I do enjoy the show because sometimes I pick up ideas for where to look when I get stuck in my research. One thing I thought I picked up watching the Cindy Crawford episode has confused me. She is confirmed as a descendent from Thomas Trowbridge but it looks to me like he married into the line that descended from Charmlemagne. Am I wrong or is there not a blood connection there? I just rewatched the scene where all is revealed and I am thinking I must have misunderstood. I thought the line she descends from was already in America and Thomas left after their births.

Unknown said...

I have the same issue with "This Old House"

Unknown said...

I disagree, I think it really is that easy. IF, and it is a big if, one's ancestors were in the English colonies prior to 1650 and IF one already has the data on them at least going back to the Revolutionary War (DAR helps here).

If all your people came through Ellis Island or were refugees from famished Ireland, forget it. Your ancestors were likely peasants of unknown lineage, and so many poor women were prostitutes even while married, one would need to confirm documents with DNA (there are some royals with questions too).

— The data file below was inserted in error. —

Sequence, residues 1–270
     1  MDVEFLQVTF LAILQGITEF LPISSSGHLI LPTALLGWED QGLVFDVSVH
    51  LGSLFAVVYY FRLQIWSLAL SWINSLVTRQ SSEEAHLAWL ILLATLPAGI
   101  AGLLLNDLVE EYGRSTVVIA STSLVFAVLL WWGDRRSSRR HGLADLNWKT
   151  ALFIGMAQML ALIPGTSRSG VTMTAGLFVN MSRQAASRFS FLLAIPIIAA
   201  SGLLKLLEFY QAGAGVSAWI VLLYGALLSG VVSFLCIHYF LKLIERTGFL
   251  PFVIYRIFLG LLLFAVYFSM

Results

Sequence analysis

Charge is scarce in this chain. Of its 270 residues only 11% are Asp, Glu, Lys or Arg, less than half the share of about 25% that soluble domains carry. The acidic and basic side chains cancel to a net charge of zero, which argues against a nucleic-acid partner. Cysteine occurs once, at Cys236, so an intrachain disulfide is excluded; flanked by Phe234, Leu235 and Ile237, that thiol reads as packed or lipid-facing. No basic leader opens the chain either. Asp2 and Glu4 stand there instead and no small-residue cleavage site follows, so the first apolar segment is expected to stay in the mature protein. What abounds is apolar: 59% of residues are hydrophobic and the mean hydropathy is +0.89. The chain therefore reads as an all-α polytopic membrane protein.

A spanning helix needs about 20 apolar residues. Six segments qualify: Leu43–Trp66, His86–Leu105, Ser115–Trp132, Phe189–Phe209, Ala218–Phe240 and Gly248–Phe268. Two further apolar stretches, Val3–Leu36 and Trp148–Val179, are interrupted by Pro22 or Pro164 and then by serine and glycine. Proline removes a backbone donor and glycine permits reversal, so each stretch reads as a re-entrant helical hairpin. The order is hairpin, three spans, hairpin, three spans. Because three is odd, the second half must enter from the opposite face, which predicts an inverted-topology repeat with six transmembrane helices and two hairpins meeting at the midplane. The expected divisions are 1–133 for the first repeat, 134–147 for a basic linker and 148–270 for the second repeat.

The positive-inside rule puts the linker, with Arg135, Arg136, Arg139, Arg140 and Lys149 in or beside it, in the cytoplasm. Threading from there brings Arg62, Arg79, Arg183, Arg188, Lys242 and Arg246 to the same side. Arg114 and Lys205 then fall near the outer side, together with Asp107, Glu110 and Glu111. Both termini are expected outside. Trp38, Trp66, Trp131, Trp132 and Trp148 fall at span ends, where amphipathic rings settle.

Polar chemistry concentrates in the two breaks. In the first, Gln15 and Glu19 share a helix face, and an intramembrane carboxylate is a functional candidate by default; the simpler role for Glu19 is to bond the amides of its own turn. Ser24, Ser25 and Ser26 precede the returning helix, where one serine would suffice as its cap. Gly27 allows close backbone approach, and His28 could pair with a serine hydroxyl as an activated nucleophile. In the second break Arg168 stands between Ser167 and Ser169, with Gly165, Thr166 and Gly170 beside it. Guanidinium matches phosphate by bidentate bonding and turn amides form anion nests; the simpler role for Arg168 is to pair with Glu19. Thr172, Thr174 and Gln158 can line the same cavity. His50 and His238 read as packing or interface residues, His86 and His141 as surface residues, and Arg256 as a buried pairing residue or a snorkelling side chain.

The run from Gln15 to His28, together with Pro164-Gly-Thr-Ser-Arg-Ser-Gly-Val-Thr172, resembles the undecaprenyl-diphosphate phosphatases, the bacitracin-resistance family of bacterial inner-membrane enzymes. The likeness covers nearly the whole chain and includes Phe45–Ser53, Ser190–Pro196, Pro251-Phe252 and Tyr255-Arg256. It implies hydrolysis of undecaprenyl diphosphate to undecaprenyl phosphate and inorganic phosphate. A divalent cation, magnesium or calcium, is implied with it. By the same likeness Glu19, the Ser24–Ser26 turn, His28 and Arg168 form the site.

The key is to trace each branch back to a 1600's immigrant and to know something about surname origins, names of history, and names of towns and counties. When I found a derivative of a Norman surname, the line just opened up, because the noble families are well referenced, and sure enough, there was William I. A surname that places are named after is also a clue. Talbot is one of several in my case, and that name is all over Maryland; as I am descended from George Calvert, First Lord Baltimore. It seems like a lot of non-first born sons of nobles came to the colonies, but that is just my impression.